The general standard is that housing and associated costs such as insurance and taxes should consume no more than 35% of monthly income. The local median income is approx $57,000. The average cost of a local home is $350,000. Whether you calculate based on a single person or a family of 4, take home pay (barring any non-standard deductions) is between $1400-$1500 per month. A 30-year mortgage at 5% interest with $100,000 down payment would be about $1600. So someone earning the median income would still be paying more than 35% of their income on housing.

    The discussion around affordability needs to be more inclusive. It needs to look at the average residents, and especially those who have real-life costs of living such as health insurance/health care, student debt, car payments, daycare expenses, etc.

  8. REO

     /  July 18, 2013

    Many: my comment already ran long, so I edited the bit about Habitat. You are correct that they have done great work. I’ve helped build a handful of homes with them myself and the quality of the homes is quite good.

    My ‘sustainability’ comment referred to both the financing (they make excellent use of donations and reduced land prices) and the ability to coordinate numerous construction projects. To my mind, they are a valued partner in maintaining homes, but I’m not sure that they can add to supply in a meaningful way, largely because land prices are probably too high.

    They are doing interesting developments in Rodgers Road and Efland, but that runs up against Nancy’s comment about blending affordable homes into mixed income neighborhoods.

    Thus the conundrum.

  9. Many

     /  July 18, 2013


    Thank you for your service and thoughtful comments. I agree with the conundrum you describe.

  10. Many

     /  July 18, 2013


    I think the focus is on housing and low-income because that is where the disconnect appears to be.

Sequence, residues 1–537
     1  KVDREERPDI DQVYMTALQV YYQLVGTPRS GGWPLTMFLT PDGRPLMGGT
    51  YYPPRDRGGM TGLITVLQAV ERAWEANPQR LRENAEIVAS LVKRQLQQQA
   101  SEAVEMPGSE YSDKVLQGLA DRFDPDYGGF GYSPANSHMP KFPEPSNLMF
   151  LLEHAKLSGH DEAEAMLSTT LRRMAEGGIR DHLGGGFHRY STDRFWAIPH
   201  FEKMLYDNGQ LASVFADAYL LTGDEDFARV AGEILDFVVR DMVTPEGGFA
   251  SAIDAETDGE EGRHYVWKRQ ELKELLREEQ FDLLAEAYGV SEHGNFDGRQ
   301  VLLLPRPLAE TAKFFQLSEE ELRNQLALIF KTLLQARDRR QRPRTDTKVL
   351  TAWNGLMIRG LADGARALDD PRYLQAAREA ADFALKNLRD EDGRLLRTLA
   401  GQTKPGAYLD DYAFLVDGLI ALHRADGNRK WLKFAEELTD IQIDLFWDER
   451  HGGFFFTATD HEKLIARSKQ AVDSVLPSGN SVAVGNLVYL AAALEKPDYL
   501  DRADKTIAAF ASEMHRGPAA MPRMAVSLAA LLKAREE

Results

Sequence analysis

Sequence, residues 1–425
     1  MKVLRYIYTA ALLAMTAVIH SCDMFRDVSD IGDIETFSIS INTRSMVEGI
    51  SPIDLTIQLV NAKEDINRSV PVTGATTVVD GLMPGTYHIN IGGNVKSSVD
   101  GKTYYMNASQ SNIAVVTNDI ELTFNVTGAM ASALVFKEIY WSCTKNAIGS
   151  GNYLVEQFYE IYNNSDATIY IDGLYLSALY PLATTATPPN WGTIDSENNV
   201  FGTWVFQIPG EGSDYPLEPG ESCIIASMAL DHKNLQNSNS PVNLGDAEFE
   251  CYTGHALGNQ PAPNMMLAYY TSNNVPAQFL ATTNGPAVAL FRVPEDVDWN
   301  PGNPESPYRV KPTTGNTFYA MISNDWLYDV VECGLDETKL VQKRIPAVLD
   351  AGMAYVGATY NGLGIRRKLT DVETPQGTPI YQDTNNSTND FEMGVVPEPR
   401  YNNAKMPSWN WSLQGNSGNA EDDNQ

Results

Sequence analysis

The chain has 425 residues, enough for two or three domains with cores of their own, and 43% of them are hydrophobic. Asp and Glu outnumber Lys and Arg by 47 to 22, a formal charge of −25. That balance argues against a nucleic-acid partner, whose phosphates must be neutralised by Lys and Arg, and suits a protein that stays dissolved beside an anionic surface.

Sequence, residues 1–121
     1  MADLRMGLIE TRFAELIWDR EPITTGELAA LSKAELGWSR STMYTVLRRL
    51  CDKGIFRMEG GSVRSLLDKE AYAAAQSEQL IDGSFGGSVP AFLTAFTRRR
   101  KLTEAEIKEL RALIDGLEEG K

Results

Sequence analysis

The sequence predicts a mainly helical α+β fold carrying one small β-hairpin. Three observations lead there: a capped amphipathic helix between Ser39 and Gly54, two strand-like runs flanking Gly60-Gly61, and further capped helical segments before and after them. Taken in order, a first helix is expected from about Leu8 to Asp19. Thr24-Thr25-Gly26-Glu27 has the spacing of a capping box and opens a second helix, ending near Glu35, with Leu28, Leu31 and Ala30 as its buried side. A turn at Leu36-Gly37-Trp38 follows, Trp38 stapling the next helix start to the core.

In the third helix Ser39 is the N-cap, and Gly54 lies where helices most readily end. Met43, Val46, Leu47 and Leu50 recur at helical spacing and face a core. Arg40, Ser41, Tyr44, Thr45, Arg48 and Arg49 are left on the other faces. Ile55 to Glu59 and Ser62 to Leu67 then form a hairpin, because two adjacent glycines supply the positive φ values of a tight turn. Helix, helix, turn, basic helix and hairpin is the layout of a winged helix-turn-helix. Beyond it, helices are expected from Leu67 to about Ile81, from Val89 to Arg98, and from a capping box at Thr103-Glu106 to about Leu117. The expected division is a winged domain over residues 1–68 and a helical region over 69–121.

Is the solution that you are suggesting to pay people more than market rate or provide special services so they can live in Chapel Hill?

  11. Bonnie Hauser

     /  July 18, 2013

    One piece that we have to factor into the numbers is the students are distorting the picture. So if you look at poverty in Chapel Hill – according to census, about 22% of the town is in poverty – but 13% is students (net 9% of the town is in poverty). Can’t tell how students are distorting income or ownership trends.

    Many ideas are noteworthy – there are many great examples of low income housing incorporated in mainstream properties (as Nancy suggests). Rogers Road offers interesting potential for affordable housing development. There’s no “ideological” answer -just some creative thinking applied ot the areas in question.

    Carrboro appears to be doing better in affordable housing. Why?

  12. Many

     /  July 18, 2013

    Not sure Carrboro is doing better, but maybe they are. I wonder what per capita comparisons would show.

    I would like to understand the “why and how” if Carrboro is indeed more successful. Remember Carrboro’s tax rate is even higher than Chapel Hills, so their solution may well be greater subsidies.

    It is a good point that students are distorting the picture, but that would also be true in Carrboro I think. Non resident students are probably also distorting other local outcomes in much the same way as prison populations distort the census figures. Technology exists today to allow students to absentee vote in their home towns and districts on local issues.

  13. Bonnie Hauser

     /  July 18, 2013

    My impressions are anecdotal – my mom lives in Carolina Springs – an afforable housing project for seniors in Carrboro – there’s a bunch more all around her. I know folks who own affordable townhouses. Subsidies may be coming from national sources and real estate trusts -not local taxpayer funding. Of course, it can be a great tax write off.